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Swelling employee protests and consumer boycotts have CEOs at large corporations spooked over how and when to respond to hot-button issues during the Trump administration.

Why it matters: With trust in government at a record low, people are looking to powerful businesses to shape the conversation around topics of national importance — and chief executives are torn over how to proceed without offending customers or shareholders.

By the numbers: Guns, abortion, immigration and nationalism are among the most controversial issues for companies to take a stand on, according to a Morning Consult poll, "Corporate Social Responsibility in the Trump Era."

  • It's less controversial for brands to take a stand on civil rights, racial equality, criminal justice reform, affirmative action and LGBTQ rights, the poll found.

Brands with the best reputations among consumers are ones that stand for issues, regardless of whether those issues are considered liberal or progressive, according to an Axios/Harris 100 poll in March.

Certain industries and companies have chosen to rally around different issues, with varying outcomes.

  • Guns: Companies are facing pressure to cut ties with the gun industry as mass shootings proliferate. And while Walmart raised the age limit for gun sales in response to the Parkland shooting last year, employees are calling on the company to do more after a shooting in one of its stores killed 22 people.
  • Abortion: Hollywood heavyweights have threatened to boycott film production in Georgia if a "fetal heartbeat" abortion ban signed into law by the governor this year is allowed to take effect.
  • Energy and climate: Amazon's employees used their weight as shareholders for the first time this year to demand changes to the company's climate policy. Ahead of Amazon's annual investor meeting, thousands of workers signed a letter to Jeff Bezos asking that the company stop offering cloud services to the oil and gas industries.
  • Immigration: Workers at companies like Google, Whole Foods and Ogilvy are demanding that their employers stop providing services to ICE and its contractors at immigration detention centers.
  • LGBTQ rights: Activists threatened to boycott Equinox, which has a policy of LGBTQ inclusion, after one of its big investors, Stephen Ross, threw a fundraiser for the president. Equinox, in a statement following the backlash, distanced itself from Ross.

Be smart: When it comes to taking a stand on issues, younger, liberal Americans are more likely to want corporations to get involved, according to the poll.

  • This is why brands like Nike that cater to younger, more diverse customers have chosen to take strong stands on social issues.

Yes, but: Companies are still falling short of expectations. According to a recent global survey by Edelman, there's still a big gap between what employees want their employer to take a stand on and what the company is actually doing.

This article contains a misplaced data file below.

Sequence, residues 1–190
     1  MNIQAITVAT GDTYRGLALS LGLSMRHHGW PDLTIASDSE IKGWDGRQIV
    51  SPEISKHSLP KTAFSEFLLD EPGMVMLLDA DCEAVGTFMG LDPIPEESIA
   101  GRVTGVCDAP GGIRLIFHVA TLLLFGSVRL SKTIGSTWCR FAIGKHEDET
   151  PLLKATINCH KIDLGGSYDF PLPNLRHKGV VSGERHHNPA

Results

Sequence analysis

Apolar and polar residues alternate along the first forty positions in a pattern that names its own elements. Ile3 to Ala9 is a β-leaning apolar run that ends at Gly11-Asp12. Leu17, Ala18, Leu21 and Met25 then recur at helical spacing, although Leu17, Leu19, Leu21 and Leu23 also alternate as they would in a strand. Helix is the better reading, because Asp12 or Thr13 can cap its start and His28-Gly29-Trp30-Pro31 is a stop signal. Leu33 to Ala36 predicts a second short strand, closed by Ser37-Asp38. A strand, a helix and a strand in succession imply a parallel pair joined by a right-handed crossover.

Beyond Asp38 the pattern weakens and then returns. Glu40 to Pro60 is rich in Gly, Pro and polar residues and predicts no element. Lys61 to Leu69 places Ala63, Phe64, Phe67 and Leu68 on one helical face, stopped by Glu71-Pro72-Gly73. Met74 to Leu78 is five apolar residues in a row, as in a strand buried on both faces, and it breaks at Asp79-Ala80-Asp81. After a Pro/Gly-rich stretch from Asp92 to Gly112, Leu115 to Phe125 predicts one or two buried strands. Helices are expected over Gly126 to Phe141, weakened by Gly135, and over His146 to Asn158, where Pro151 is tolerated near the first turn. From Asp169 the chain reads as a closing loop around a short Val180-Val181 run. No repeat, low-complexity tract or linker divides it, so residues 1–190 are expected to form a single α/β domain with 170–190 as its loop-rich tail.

The bottom line: Big businesses have historically avoided wading into political drama. But as issues become more politicized during the Trump Administration, most corporate leaders are finding it impossible not to get involved.

Go deeper

31 mins ago - World

U.S. will give Russians written response to NATO demands, Blinken says

Blinken and Lavrov shake hands in Geneva. Photo: Russian Foreign Ministry / Handout/Anadolu Agency via Getty Images

Secretary of State Antony Blinken confirmed after a meeting with his Russian counterpart on Friday that the U.S. will provide written answers to Russia's security demands next week.

Why it matters: Russia claims to be waiting for "concrete answers" to its demands that NATO rule out further expansion and roll back its presence in eastern Europe before deciding its next steps on Ukraine. But the U.S. and NATO have called those proposals "non-starters," and Friday's meeting offered no breakthroughs, so it's unclear how written answers might change the equation.

More surprises await scientists at Antarctica's "Doomsday Glacier"

Cliffs along the edge of the Thwaites Ice Shelf in West Antarctica. Photo: James Yungel/NASA

Researchers like David Holland, an atmospheric scientist at New York University, are in a race to understand the fate of a massive glacier in West Antarctica that has earned a disquieting nickname: "The Doomsday Glacier."

Why it matters: Studies show the Thwaites Glacier (its official name) could already be on an irreversible course to melt during the next several decades to centuries, freeing up enough inland ice to raise global sea levels by at least several feet.

Updated 3 hours ago - Health

The case for Operation Warp Speed 2.0

Illustration: Annelise Capossela/Axios

Omicron's blitz around the world has underscored the need for a new arsenal of COVID vaccines and therapeutics, experts say — and that may require an effort akin to Operation Warp Speed 2.0.

Why it matters: The virus will continue to evolve, potentially in a way that further escapes vaccine protection, and the best way to prevent more global disruptions to everyday life is to have tools ready to combat whatever comes next.

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